Alberta Geological Survey staff scouted the site for seismic station FSMA (Figure 5) on July 13, 2009, just south of the Alberta–Northwest Territories border and 4 km southwest of Fort Smith, N.W.T. It is 200 m west of the Slave River, between the Pelican Rapids and Mountain Rapids, at the Pelican Rapids Golf Club (Figure 6). The surficial sediments on which the golf course was built are eolian sands (Bayrock, 1972) of variable thickness (0–100 m), most likely towards the latter value. The site has good drainage and is approximately 100–200 m above river level. The station was installed by U of C staff and commissioned on September 12, 2010. Figure 7 shows a seismogram recorded at FSMA.

3.3.2 HILA
The site for seismic station HILA was scouted by AGS staff on June 19, 2009, 8.5 km northwest of High Level (Figure 8). It is on privately owned land 100 m west of the Bushe River. The installation is in a clearing that measures approximately 100 by 100 m, with a drainage pond on the west perimeter (Figure 9). The surficial sediments are hummocky glaciolacustrine fine sand, silt and clay more than 1 m thick (Plouffe et al., 2006, Map 414). The station was installed by U of C staff and commissioned on October 19, 2009. Figure 10 shows a seismogram recorded at HILA.

3.3.3 MANA
Alberta Geological Survey staff scouted the site for seismic station MANA on June 17, 2009, 7 km south of Manning (Figure 11). The site is on private land, owned by the North Peace Applied Research Association, and consists of a large utility building (Figure 12). The surficial sediments are fine-grained glaciolacustrine sand, silt and clay more than 2 m thick (Paulen, 2004). The surrounding area is agricultural with seasonal farming activity. University of Calgary staff installed the station, and it was commissioned on October 19, 2009. Figure 13 shows a seismogram recorded at MANA.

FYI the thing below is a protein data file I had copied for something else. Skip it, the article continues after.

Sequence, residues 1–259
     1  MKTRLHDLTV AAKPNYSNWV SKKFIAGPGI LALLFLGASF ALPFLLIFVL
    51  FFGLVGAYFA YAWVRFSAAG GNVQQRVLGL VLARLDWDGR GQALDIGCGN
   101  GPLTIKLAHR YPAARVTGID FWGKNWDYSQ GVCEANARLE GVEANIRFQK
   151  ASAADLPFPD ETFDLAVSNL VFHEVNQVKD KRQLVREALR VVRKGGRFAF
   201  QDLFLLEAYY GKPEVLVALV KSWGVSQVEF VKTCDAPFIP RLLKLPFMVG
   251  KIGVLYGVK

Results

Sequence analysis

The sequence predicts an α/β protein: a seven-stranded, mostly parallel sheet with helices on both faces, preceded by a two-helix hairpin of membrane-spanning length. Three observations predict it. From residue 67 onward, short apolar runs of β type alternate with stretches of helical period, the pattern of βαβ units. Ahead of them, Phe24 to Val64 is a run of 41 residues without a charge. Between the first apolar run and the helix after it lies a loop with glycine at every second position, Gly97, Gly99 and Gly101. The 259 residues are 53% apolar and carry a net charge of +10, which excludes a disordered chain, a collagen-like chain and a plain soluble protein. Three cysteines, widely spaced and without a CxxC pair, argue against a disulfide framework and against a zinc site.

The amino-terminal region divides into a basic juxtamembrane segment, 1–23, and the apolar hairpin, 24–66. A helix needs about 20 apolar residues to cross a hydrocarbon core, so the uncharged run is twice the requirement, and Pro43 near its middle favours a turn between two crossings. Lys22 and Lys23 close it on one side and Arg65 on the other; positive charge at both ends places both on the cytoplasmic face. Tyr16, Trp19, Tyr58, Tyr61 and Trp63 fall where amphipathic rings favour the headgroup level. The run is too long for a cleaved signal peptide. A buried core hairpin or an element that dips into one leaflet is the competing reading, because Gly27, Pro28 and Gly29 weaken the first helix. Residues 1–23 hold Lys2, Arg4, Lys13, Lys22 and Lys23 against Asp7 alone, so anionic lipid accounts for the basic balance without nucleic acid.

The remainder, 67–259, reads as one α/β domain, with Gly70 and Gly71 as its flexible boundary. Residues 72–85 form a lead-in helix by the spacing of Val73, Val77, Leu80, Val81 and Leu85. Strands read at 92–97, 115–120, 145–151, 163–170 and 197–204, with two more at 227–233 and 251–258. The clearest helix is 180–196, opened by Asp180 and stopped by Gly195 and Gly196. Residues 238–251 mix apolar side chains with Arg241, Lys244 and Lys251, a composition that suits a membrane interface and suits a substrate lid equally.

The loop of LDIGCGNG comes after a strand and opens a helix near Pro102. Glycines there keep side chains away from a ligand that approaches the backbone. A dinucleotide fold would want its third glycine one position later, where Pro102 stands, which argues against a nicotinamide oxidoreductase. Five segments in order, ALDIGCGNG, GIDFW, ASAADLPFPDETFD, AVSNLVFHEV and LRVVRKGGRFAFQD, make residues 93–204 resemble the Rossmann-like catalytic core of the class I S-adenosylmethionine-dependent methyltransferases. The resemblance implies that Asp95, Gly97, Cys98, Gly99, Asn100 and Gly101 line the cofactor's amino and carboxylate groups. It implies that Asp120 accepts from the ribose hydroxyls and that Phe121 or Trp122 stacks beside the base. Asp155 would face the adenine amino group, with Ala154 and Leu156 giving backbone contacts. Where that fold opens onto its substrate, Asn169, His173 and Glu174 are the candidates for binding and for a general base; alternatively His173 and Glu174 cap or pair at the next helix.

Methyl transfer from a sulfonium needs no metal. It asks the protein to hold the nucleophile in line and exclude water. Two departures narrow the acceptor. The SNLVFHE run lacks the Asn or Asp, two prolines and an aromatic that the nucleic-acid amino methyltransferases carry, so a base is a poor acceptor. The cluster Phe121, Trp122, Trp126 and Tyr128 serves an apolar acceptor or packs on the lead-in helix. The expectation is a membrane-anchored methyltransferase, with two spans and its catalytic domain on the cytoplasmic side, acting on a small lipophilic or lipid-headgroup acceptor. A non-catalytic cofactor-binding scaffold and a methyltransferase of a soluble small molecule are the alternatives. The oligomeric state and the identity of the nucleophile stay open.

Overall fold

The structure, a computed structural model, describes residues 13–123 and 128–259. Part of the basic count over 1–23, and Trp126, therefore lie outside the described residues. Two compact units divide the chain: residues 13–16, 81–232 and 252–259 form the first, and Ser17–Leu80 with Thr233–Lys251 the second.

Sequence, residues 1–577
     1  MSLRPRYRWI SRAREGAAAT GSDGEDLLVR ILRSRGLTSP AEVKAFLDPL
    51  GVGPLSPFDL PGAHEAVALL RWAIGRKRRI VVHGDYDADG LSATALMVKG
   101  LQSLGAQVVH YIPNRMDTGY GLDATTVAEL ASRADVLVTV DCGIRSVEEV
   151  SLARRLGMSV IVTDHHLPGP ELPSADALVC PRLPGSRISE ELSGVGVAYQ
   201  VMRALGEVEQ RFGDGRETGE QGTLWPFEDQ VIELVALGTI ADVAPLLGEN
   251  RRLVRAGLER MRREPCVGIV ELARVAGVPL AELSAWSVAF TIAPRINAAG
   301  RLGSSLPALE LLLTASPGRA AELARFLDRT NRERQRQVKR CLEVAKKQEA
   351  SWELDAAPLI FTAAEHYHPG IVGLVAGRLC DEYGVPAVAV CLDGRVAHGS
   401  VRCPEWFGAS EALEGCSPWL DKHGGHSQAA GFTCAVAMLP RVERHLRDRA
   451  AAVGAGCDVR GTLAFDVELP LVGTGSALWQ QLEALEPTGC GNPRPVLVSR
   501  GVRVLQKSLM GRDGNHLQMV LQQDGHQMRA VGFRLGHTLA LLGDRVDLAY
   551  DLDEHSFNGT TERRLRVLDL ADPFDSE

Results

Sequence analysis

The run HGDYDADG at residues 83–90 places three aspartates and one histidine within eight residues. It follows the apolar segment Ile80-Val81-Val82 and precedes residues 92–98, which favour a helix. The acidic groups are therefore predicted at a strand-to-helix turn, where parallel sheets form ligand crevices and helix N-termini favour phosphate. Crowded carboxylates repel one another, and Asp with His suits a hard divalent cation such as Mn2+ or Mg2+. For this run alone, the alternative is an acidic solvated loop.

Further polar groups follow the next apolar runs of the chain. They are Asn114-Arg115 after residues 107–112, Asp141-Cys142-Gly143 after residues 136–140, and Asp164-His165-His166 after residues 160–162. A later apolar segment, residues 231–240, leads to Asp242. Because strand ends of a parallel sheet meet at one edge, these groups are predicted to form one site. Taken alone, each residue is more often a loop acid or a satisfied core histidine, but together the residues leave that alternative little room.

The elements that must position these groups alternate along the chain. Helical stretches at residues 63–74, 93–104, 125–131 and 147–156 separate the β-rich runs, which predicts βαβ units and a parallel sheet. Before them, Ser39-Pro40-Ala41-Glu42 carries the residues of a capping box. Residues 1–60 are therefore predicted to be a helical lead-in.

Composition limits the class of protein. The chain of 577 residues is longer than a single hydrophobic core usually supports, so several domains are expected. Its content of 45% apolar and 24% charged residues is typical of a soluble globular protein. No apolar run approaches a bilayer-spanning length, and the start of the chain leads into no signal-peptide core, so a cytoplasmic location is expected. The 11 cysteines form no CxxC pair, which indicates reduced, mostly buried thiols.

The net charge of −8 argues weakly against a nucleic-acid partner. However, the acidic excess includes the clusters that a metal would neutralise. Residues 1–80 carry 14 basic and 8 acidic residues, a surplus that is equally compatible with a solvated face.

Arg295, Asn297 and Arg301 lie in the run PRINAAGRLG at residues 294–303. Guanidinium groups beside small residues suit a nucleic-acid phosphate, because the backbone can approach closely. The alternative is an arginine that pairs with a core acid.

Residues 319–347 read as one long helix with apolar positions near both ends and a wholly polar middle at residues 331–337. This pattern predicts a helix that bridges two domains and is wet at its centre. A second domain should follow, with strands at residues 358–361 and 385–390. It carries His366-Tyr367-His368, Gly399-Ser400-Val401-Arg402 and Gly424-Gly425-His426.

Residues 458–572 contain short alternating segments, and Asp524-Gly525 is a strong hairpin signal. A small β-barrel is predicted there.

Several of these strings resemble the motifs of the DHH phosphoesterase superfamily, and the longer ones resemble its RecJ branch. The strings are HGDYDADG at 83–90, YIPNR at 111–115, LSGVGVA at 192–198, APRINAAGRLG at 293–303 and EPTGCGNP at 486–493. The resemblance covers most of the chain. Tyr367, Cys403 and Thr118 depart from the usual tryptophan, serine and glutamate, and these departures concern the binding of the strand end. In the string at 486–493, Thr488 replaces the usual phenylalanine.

3.3.4 MEDA
University of Calgary and AGS staff scouted the site for seismic station MEDA on July 21, 2009, 8 km southwest of Medicine Hat, on a private rural property (Figure 14). The surrounding area is primarily agricultural land on Pleistocene and Holocene lacustrine deposits of coarse sand and silt up to 40 m thick (Shetsen, 1987). University of Calgary staff installed the station, and it was commissioned on October 9, 2010. It was the first of the seven new sites to be installed and commissioned. Figure 15 shows a seismogram recorded at MEDA.

3.3.5 RAYA
University of Calgary and AGS staff scouted the site for seismic station RAYA on July 21, 2009, 9 km south-southwest of Raymond, near the Milk River Ridge Reservoir (Figure 16). The surficial sediments are Pleistocene and Holocene fluvial deposits up to 20 m thick, including fine sand, silt and clay with minor gravel lenses (Shetsen, 1987). The property, owned and operated by Alberta Environment, includes a concrete utility shed (Figure 17). The station was installed by U of C staff and commissioned in July 2010. Figure 18 shows a seismogram recorded at RAYA

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Figure 5. Location of seismic station FSMA (white square), just south of the Alberta–Northwest Territories border and 4 km southwest of Fort Smith, Northwest Territories. Image from Alberta Sustainable Resource Development (2002).

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Figure 6. Site of seismic station FSMA, at the Pelican Rapids Golf Club, prior to installation, looking east.